All Hail the Billionaire-Funded, Cheat-Tastic America’s Cup Victors

The stadium scene.
Sept. 25 2013 9:46 PM

The Miracle on San Francisco Bay

Oracle Team USA’s billionaire-funded, cheat-tastic America’s Cup comeback reveals the awesome power of the inspirational sports narrative.

America's Cup
Oracle Team USA skippered by James Spithill celebrates after they beat Emirates Team New Zealand skippered by Dean Barker in race 19 to win the America's Cup Finals on September 25, 2013 in San Francisco, California.

Photo by Ezra Shaw/Getty Images

On Wednesday afternoon in San Francisco Bay, a plucky squad of Americans finished off one of the most remarkable comebacks in modern sports history. Oracle Team USA dominated the final race of the 2013 America’s Cup to erase a seemingly insurmountable 8-1 deficit in the best-of-17 sailing contest. It was amazing. It was inspirational. There were boats.

Josh Levin Josh Levin

Josh Levin is Slate's executive editor.

OK, sure, the victors weren’t really Americans—Oracle Team USA has only one American sailor. And yes, “Team USA” would’ve won this thing several races ago if they hadn’t been docked two points for cheating by loading a boat down with extra weight in a preliminary event. Oh, also, this iteration of the America’s Cup stretched the definition of the word boat to include 130-foot-high catamarans that don’t so much glide across the water as levitate above it, threatening to capsize if some rope-pulling grunt takes a deep breath. In May, a British sailor died when one of these grotesque maritime playthings tipped over during an America’s Cup training run. But the sailing must go on, and it did, and Oracle Team USA fell way behind and then beat Emirates Team New Zealand, proving once and for all that the mercenary Kiwis who race monstrously expensive death boats for the good old Stars and Stripes perform better in the clutch than the Kiwis who race monstrously expensive death boats for the motherland.

The America’s Cup is the perfect contest for plutocrats. Rich people like to own sports teams, but are often frustrated that they can’t reshape the games they dabble in. (See Mark Cuban’s frequent tiffs with the NBA commissioner’s office.) In the world of big-time sailing, though, the rules are made to be rewritten. “When you win the America's Cup, you get to decide pretty much all the details about how, where, and when you get to defend the trophy,” explained Grantland’s Katie Baker. When Oracle CEO Larry Ellison won the Cup in 2010, he decided that the sport needed to be faster and more exciting. He conjured a new kind of vessel that was outrageously expensive to construct, limiting the competition to whoever’s richer than the people who own private islands. (Because of course the biggest problem with sailing is that it’s too accessible to outsiders.) Imagine the owner of the Miami Heat decreeing, after his team hoisted the championship trophy, that basketball should be played on a diamond-studded trampoline with a ball shaped like a starfish. To the victor go the spoils, and the spoils are really weird and cost so much that almost nobody else can afford to play.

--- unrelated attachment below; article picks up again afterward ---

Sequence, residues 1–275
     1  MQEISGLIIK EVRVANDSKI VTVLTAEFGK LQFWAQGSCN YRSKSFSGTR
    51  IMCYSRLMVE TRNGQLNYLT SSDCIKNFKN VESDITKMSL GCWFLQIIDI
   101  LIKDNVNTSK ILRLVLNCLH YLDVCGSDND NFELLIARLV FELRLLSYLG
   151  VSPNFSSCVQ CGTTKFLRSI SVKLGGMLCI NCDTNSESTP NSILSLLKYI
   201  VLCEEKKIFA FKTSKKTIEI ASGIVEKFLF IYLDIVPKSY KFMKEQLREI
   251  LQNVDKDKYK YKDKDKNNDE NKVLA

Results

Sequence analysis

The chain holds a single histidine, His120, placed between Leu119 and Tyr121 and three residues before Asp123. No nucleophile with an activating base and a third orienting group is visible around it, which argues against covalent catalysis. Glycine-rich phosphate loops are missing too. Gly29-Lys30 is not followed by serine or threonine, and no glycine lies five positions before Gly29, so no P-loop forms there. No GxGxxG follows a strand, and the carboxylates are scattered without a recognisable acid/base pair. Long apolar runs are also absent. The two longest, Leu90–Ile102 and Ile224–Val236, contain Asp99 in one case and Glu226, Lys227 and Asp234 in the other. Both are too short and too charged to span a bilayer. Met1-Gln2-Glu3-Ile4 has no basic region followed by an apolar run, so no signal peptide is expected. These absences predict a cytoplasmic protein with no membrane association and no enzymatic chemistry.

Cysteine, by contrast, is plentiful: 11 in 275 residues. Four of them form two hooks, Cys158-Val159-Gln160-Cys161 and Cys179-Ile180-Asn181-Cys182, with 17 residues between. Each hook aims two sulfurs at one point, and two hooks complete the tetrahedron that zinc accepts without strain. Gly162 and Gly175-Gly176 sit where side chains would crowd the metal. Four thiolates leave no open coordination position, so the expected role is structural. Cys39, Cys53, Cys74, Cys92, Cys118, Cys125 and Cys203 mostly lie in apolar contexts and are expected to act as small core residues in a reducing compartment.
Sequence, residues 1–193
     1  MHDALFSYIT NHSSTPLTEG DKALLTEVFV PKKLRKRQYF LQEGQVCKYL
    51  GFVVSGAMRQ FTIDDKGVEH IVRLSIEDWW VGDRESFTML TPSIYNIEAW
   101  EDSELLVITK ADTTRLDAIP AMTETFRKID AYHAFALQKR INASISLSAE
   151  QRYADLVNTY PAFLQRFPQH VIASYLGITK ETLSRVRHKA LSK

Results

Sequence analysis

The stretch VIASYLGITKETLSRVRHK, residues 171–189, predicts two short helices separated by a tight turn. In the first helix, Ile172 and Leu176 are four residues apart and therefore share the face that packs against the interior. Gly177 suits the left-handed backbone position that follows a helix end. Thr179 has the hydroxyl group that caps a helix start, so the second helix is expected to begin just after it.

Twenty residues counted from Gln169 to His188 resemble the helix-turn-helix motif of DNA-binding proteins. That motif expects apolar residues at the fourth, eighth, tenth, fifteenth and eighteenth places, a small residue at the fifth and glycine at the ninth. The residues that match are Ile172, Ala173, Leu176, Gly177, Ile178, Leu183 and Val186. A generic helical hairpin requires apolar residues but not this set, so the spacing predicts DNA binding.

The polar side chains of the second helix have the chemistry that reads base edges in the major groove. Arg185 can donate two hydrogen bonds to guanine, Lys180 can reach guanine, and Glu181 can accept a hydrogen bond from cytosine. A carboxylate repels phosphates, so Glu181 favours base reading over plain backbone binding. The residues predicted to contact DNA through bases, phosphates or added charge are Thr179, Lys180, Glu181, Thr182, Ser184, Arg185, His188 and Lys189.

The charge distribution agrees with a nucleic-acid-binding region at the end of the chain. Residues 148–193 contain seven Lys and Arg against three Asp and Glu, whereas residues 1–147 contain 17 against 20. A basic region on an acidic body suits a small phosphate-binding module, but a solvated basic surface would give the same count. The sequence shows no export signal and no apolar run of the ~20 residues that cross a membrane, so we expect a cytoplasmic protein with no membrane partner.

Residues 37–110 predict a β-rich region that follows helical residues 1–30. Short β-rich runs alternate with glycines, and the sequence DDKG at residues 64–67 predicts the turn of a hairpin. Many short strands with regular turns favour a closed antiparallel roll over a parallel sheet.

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This was the background to the 2013 America’s Cup, which was shaping up to be the most unlikable sporting event since whenever Donald Trump last played a round of golf. And yet, somehow, this BattleBoats for billionaires was kind of great. Yes, Team USA barely had any Americans, and they kind of cheated, which led to them starting the best-of-17 contest with negative two points. (Negative two!) And Emirates Team New Zealand would have—should have—won the Cup if not for the absurd, unfair 40-minute time limit on races that robbed them of the decisive victory with the finish line in sight.

There’s really no rational reason for someone who isn’t from New Zealand and/or some type of robber baron to care even one bit about the America’s Cup, or to root for Larry Ellison and his team of sailing carpetbaggers. That’s why, more than any other race or match or game that I can recall, the 2013 America’s Cup proves that competition has the power to brainwash us, to make us forget all the discomfiting details floating in the wake of the world’s priciest pool toys and focus on the finish line, and the amazing feats being performed by those who are pushing to get there.

During the Olympics, we root passionately for athletes we don’t know who’ve trained their whole lives to reach the pinnacle of sports we don’t care about or understand. The America’s Cup will never reach that threshold of popular interest, no matter how much money Larry Ellison throws around to soup up his sailboats—a space-age catamaran is still a catamaran, and a catamaran is not helmed by Dale Earnhardt Jr. But no one, anywhere, can resist a great comeback story. Whether it’s basketball or sailing or thumb wrestling, it’s unthinkable to surmount an 8-1 deficit to win 9-8. This is exactly why sports are great—on a random Wednesday in the fall, sailing will become appointment viewing. And maybe in 162 years, it will happen again.

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